Since the GP20/GP21 pins on the Raspberry Pi Pico W are dedicated to I2C0 SDA/I2C0 SCL and do not have any alternative functions, I like to use these pins for the I²C bus. Here's an example configuration to read the temperature, pressure, and humidity from a BME280 sensor board:
For some BME280 boards, you need to specify an alternative address,
Connect the pins as shown in the following circuit diagram for the BME280:
Driving addressable LED strips
Traditionally, ESPHome supported adressable LED strips using the NeoPixelBus and FastLED platforms for the Light component. However, these platforms don't work with the RP2040. Instead, you can use the RP2040 PIO LED Strip platform, which uses the RP2040 PIO (Programmable Input Output) peripheral to control various addressable LED strips.
For example, an ESPHome configuration to drive a LED strip of eight WS2812B LEDs looks like this:
Connect the LED strip's DIN to the Pico W's GPIO13, GND to GND, and the LED strip's power pin to VBUS (3V3 isn't enough voltage, while on VBUS there's 5V from the USB connector).
You can now add various light effects to your configuration.
Other RP2040 microcontroller boards
If you look at the configuration file generated by the ESPHome dashboard, by clicking on Edit in the box representing your device, you'll notice the following section for the platform configuration:
Since ESPHome uses PlatformIO under the hood, it depends on PlatformIO's support for microcontroller platforms. However, this doesn't support the Raspberry Pi Pico W yet. Max Gerhardt forked PlatformIO's repository and added support for the Raspberry Pi Pico W, as well as other RP2040-based boards.
Initially, I thought that I could just run ESPHome on RP2040 microcontroller boards other than the Raspberry Pi Pico W by specifying a different board name. To test this, I created a new device in the ESPHome dashboard, chose Raspberry Pi Pico W as the device type, and then pressed Skip to not install the firmware immediately to the board. I clicked on Edit in the box representing my device, and changed the board definition
rpipicow to another supported board in Max Gerhardt's fork of the RP2040 development platform for PlatformIO, the Arduino Nano RP2040 Connect (
arduino_nano_connect). After saving the configuration, I clicked on Install at the top right corner.
However, when I chose Manual download to download the .uf2 file, the image preparation failed, and I encountered several "undefined reference" errors related to the Wi-Fi chip. I should've expected this actually, as the Arduino Nano RP2040 Connect uses the u-blox NINA-W102 instead of the Raspberry Pi Pico W's Infineon CYW43439 for Wi-Fi. The same holds for the Challenger RP2040 WiFi (
challenger_2040_wifi), which uses the ESP8285 for Wi-Fi. It seems that additional work on the ESPHome side is required to support these other boards. I don't know any RP2040 boards from other manufacturers than Raspberry Pi using the CYW43439. If they exist, I suspect they should work with ESPHome.
You can still use non-Wi-Fi RP2040 boards this way. For example, here's a configuration for the Seeed Studio XIAO RP2040 (
esphome: name: xiao-rp2040 friendly_name: Xiao RP2040 on_boot: then: - output.turn_on: id: led_rgb_enable - light.turn_on: id: led_rgb effect: "Random colors" rp2040: board: seeed_xiao_rp2040 framework: # Required until https://github.com/platformio/platform-raspberrypi/pull/36 is merged platform_version: https://github.com/maxgerhardt/platform-raspberrypi.git # Enable logging logger: output: - platform: gpio pin: 11 id: led_rgb_enable light: - platform: rp2040_pio_led_strip id: led_rgb pin: 12 num_leds: 1 pio: 0 rgb_order: GRB chipset: WS2812 effects: - random: name: "Random colors" transition_length: 1s update_interval: 1s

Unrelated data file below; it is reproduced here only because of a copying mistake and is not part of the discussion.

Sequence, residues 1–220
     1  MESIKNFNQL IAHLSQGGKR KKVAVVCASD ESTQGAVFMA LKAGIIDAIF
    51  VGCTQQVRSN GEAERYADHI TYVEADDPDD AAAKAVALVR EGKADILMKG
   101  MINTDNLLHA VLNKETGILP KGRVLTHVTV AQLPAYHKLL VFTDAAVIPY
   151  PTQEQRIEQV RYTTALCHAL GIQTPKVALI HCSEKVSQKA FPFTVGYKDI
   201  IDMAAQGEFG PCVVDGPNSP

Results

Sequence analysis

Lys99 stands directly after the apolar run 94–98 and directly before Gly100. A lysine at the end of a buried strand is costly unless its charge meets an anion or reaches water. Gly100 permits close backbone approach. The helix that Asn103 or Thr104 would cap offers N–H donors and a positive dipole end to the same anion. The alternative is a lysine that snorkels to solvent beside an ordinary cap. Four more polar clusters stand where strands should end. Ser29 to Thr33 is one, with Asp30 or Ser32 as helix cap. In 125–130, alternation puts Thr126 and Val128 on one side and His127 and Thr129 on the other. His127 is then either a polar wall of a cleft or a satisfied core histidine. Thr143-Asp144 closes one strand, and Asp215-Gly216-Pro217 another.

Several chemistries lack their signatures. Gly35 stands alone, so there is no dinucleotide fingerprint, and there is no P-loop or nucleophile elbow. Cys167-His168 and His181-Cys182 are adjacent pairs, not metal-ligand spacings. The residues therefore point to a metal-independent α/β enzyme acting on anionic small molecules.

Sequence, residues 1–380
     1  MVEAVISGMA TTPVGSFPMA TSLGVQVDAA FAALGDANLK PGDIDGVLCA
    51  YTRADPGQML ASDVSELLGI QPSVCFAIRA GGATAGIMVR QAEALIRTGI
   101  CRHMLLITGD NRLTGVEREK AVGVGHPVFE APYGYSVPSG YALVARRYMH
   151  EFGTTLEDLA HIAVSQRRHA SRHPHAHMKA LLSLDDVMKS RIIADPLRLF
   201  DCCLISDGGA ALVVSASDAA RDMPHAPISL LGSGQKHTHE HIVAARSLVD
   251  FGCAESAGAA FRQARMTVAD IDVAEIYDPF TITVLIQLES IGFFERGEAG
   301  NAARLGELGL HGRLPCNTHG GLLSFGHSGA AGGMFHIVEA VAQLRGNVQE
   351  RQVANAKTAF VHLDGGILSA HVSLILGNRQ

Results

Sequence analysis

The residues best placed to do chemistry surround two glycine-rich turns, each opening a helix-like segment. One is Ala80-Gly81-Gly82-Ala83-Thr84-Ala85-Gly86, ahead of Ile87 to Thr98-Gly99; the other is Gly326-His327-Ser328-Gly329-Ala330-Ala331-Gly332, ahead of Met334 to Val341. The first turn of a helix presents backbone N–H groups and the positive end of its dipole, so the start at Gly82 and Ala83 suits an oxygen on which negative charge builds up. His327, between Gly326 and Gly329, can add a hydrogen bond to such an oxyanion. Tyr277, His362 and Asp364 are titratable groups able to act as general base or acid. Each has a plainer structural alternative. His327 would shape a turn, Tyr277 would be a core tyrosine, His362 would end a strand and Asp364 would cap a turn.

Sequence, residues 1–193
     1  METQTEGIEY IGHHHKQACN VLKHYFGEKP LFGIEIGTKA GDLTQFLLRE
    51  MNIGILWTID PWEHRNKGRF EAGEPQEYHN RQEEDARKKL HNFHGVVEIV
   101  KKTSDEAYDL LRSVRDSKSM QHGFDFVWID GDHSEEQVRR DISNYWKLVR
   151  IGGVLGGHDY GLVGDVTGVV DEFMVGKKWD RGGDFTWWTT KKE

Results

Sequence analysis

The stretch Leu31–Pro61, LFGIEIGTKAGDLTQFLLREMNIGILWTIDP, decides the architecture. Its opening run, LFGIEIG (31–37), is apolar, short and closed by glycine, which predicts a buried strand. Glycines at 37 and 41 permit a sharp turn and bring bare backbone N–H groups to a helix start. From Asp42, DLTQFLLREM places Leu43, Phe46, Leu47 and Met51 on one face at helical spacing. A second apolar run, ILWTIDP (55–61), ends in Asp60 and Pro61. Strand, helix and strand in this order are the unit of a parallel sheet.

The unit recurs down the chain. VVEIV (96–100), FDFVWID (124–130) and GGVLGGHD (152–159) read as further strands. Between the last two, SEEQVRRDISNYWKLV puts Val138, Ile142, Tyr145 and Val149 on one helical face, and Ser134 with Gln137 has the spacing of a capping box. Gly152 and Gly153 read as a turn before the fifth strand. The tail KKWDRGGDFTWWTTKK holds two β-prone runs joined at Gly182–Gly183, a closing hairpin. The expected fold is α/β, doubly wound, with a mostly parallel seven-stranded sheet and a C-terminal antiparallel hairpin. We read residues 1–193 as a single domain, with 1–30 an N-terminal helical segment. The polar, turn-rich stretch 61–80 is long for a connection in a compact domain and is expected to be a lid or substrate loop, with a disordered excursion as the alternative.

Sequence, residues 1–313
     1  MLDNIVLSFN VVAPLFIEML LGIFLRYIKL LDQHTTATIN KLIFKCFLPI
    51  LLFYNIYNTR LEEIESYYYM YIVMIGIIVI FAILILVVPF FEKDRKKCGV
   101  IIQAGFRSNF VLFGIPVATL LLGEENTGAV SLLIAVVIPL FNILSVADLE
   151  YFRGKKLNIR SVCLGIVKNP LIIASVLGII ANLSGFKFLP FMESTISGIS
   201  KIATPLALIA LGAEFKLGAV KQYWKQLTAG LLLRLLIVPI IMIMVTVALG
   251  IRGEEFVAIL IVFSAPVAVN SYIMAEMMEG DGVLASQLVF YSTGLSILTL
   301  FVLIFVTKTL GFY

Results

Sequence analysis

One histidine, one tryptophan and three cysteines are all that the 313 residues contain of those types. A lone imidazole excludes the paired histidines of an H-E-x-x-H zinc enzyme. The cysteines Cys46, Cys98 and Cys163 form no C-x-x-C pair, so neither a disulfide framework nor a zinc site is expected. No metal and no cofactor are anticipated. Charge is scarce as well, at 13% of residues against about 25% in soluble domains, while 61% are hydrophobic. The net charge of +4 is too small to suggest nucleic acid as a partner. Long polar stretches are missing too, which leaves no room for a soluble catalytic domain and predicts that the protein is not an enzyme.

The board has a WS2812 RGB LED connected to GPIO12, so you can address it using the
rp2040_pio_led_strip platform with
num_leds set to
light component also defines a light effect with random colors. But before you can use the RGB LED on this board, you need to set GPIO11 high, so that's what the
output component is for. On boot, we first enable the LED, and then start the light effect.
Even if a board isn't supported yet by Max Gerhardt's repository, you can still use it with ESPHome by specifying the board as
rpipicow if you find a board with the CYW43439 Wi-Fi chip). This will probably work if you're not doing anything exotic. As an example, this is a configuration for Pimoroni's Tiny 2040 board:
esphome: name: tiny-2040 friendly_name: Tiny 2040 on_boot: then: - light.turn_on: id: led_rgb effect: "Random colors" rp2040: board: rpipico framework: # Required until https://github.com/platformio/platform-raspberrypi/pull/36 is merged platform_version: https://github.com/maxgerhardt/platform-raspberrypi.git # Enable logging logger: output: - platform: rp2040_pwm id: led_red pin: 18 inverted: True - platform: rp2040_pwm id: led_green pin: 19 inverted: True - platform: rp2040_pwm id: led_blue pin: 20 inverted: True light: - platform: rgb id: led_rgb red: led_red green: led_green blue: led_blue effects: - random: name: "Random colors" transition_length: 1s update_interval: 1s
The board has an RGB LED, which the R, G, and B components connected active low (that's why each output definition has
inverted: True) to GPIO18, GPIO19, and GPIO20, respectively. This configuration creates a PWM output for each color component, combines them into one RGB light, and starts a light effect with random colors on boot.
In conclusion, the support for the RP2040 platform in ESPHome is not as mature as the support for ESP32 or ESP8266. It lacks the same level of testing and comprehensive documentation. There are several issues reported, and certain functionalities such as MQTT and Bluetooth Low Energy are not yet supported on the RP2040.
However, for a lot of tasks, ESPHome on the Raspberry Pi Pico W is still quite usable. If you have a spare Raspberry Pi Pico W lying around, give it a try! I'm also hopeful that support for additional RP2040 boards with Wi-Fi will be added in the near future.